A prominent German architect has said to better integrate migrants, demolish churches and build very “visible” mosques in their place.
Interviewed in Die Tageszeitung, Joaquim Reinig said he believes Hamburg needs to build more mosques. He said mosques “actively integrate” migrants who the authorities can’t reach.
The newspaper asked the architect if he really thought mosques would help migrants integrate rather than just “perpetuate their ancestral way of life”. He replied that in order to properly integrate people in a foreign country, migrants must “have no fear”. This should be done, Mr. Reinig thinks, by building very “visible” mosques.
“The visible minaret in modern architecture is a message to the migrants: Do not fear having to lose your identity in this society,” he said.
Mr. Reinig said mosques were a sign of integration as they show Muslims they can build a life in Germany while retaining their faith. He noted that Turkish guest workers, who arrived generations ago, thought they would return to Turkey one day.
Once they had children and grandchildren in Germany, he argued, the “relatively secular” workers from Anatolia “remembered” their religion.
“The desire to become a German citizen and the activation of their faith ran parallel,” he told the co-operative owned, left-wing newspaper. This comes after a report this month revealed that half of Turks in Germany regard Islamic law supreme over German laws and that young people are the most devout.
In the interview, Mr. Reinig noted that a 2013 report he had co-written stated an “urgent need” for mosques in the region. He said that, responding to this, Green politician Stefanie Berg called for “a mosque in every neighbourhood”.
Mr. Reinig said he and the Hamburg Senate observed 42 mosques in the region. They looked at the languages in which they preach, documented the mosques’ sizes and learned about the “community work” they engage in.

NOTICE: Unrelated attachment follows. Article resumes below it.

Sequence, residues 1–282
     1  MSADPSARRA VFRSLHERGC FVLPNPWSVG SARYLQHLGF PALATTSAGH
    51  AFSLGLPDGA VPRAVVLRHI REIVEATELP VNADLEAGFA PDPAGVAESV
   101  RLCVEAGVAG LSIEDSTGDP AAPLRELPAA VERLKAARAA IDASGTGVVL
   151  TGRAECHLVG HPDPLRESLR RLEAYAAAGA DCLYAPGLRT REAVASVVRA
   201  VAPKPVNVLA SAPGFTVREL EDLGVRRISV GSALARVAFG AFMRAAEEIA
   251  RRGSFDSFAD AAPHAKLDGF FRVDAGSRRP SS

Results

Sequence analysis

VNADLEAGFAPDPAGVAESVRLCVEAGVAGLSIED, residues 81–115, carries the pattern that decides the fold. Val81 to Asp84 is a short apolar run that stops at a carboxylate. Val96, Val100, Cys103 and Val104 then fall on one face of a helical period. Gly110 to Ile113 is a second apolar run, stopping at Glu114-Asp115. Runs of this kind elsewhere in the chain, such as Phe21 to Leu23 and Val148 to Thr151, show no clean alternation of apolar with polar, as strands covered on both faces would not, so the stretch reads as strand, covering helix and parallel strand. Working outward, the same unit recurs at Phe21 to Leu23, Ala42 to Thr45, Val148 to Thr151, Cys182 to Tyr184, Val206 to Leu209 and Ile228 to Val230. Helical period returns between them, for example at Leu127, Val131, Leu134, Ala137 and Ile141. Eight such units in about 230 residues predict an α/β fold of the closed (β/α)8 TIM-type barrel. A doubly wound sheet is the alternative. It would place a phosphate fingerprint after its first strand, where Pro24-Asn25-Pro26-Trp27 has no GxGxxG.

He said the Hamburg Senate worked closely with the Turkish-Islamic Union for Religious Affairs (DITIB), which German ministers have criticised for being controlled by the Turkish government.
Mr. Reinig said there is plenty of space for mosques in Hamburg as many churches in the region “have to be abandoned”. He said this means there are “theoretically 50 locations” for mosques. He noted that around three per cent of Christians in Germany, 23,000 people, attend church in the region compared to the 17,000 Muslims who currently attend mosques in Hamburg.
Asked whether it might cause a backlash to turn churches into mosques, the architect said he thought churches should generally be demolished rather than converted. He said: “Jews, Christians and Muslims, as members of Abrahamic religions, are theologically brothers and sisters.
“They have many similarities so should have no fear.”
The newspaper asked Mr. Reinig why, as a progressive, he preferred “contemporary mosques” to secular places “free from” religion. The architect responded that secular places are “undisputed classics”, so he has spent recent years lobbying for an immigration museum in Hamburg.
“In the Veddel [district] there is already an emigration museum, but the story of immigrants, the ‘guest workers’ must be documented now, while they are still alive,” Mr. Reinig said.
The architect said he felt Islamic terror events hit Muslim communities hard but that in the mosques they are “very strong under pressure”.
“There are 42 Muslim communities in Hamburg,” Mr. Reinig told the paper, “and they lead a normal life — they are far from terrorists.”
Earlier this month, four Syrians were arrested for plotting France-style suicide bomb attacks and mass shootings in Germany. The country’s justice ministry revealed they are currently investigating more than 180 terror suspects in Germany with links to Islamic State.
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